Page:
UNBELIEVABLE: Bullet Riddled American Flag From First Landing Craft of D-Day Invasion Up For Auction

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Carrying flags into battle seems like a vestige of a bygone era, something you may associate with heraldic knights or 19th century cavalry charges. Yet flags played an important part in the battles of WWII, and one of those rare icons is up for auction.

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This 48 star US flag was carried by US troops on the historic D-Day invasion. The story behind the flag is part of the mystique. It has been protected and kept by US Navy Lieutenant Howard Van Der Beek, Captain of Landing Craft Control 60the boat that landed the first troops on to Utah Beach on June 6, 1944.

‘This flag is easily one of the most significant artifact of the D-Day invasion that exists in private hands,” said Marsha Dixey, the Consignment Director at Heritage Auctions.


“We all know the harrowing story of those chaotic dawn hours as America made its push onto the beaches of Normandy. The fact of its survival is nothing less than a testament to the irresistible force of the American will.”

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The flag, which shows signs of battle, is torn and tattered. There are even holes in it, reportedly from a German machine gun.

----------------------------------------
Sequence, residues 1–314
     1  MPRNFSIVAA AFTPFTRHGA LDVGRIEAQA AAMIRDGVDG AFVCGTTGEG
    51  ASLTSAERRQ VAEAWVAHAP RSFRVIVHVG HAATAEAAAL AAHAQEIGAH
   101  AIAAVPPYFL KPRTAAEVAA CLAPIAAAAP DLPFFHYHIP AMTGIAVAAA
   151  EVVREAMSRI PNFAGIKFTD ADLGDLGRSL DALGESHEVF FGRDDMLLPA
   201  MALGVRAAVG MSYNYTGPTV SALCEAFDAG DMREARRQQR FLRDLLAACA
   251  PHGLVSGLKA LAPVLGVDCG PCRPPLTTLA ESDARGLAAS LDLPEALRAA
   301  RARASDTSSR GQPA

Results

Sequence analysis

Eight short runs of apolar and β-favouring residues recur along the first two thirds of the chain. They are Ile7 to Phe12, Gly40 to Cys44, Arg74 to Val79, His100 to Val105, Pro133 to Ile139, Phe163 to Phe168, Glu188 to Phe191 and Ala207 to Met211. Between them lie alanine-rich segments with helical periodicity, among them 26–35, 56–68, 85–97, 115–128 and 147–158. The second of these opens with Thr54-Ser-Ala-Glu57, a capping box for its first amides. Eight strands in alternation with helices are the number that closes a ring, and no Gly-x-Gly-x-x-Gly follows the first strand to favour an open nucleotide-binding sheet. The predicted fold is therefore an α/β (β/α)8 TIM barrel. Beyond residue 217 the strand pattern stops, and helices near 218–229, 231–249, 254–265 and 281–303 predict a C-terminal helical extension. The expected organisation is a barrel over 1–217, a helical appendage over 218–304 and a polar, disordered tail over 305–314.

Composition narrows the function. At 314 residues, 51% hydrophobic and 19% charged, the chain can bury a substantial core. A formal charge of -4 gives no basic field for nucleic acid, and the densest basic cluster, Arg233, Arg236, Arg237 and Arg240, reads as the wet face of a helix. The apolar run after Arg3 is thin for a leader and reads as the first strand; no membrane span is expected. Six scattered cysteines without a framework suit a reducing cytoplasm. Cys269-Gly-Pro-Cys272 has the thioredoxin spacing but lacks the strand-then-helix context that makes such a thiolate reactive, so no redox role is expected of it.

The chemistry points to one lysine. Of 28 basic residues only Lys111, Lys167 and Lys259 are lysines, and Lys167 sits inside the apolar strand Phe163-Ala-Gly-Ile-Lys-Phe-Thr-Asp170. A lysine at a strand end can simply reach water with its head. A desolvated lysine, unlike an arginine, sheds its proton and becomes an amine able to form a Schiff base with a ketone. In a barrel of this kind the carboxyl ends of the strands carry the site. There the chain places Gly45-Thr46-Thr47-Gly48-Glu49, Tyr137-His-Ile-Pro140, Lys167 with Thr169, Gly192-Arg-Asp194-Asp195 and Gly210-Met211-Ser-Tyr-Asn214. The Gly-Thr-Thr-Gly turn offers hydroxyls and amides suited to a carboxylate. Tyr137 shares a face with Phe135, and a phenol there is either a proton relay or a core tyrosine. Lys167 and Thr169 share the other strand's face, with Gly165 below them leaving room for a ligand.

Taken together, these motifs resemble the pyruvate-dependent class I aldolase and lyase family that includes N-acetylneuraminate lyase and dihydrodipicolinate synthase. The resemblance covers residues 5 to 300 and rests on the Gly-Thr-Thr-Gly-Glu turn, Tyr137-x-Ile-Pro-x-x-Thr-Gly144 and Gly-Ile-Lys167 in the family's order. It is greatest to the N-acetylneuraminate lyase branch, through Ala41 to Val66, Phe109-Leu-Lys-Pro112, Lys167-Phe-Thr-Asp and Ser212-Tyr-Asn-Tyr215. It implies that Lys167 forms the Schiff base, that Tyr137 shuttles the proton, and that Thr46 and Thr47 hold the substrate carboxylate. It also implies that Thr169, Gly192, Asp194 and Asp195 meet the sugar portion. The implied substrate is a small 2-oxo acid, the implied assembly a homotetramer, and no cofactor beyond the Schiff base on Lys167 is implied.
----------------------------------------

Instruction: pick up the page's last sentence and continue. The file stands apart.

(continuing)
Heritage Auctions expects the flag to sell for upwards of $10,000. It measures 30 feet by 57 feet. US Navy Lieutenant Howard Van Der Beek brought the flag back when he returned from Europe at the end of the war.

After returning to civilian life, Van Der Beek became an English professor and has chronicled  the moments before they charged the beach in his memoir: Aboard the LCC 60: Normandy and Southern France, 1944.

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“At some point I looked astern and saw what lay at sea behind us: the greatest armada the world had ever known, the greatest it would ever know,” Van Der Beek wrote.

It seems miraculous that any of the men on those landing craft should have survived the the invasion–much less on the first craft to have hit Utah Beach. That the flag has also survived is a testament to the sacrifices of all of the Allied forces during WWII, and something we’ll never be able to put a price on.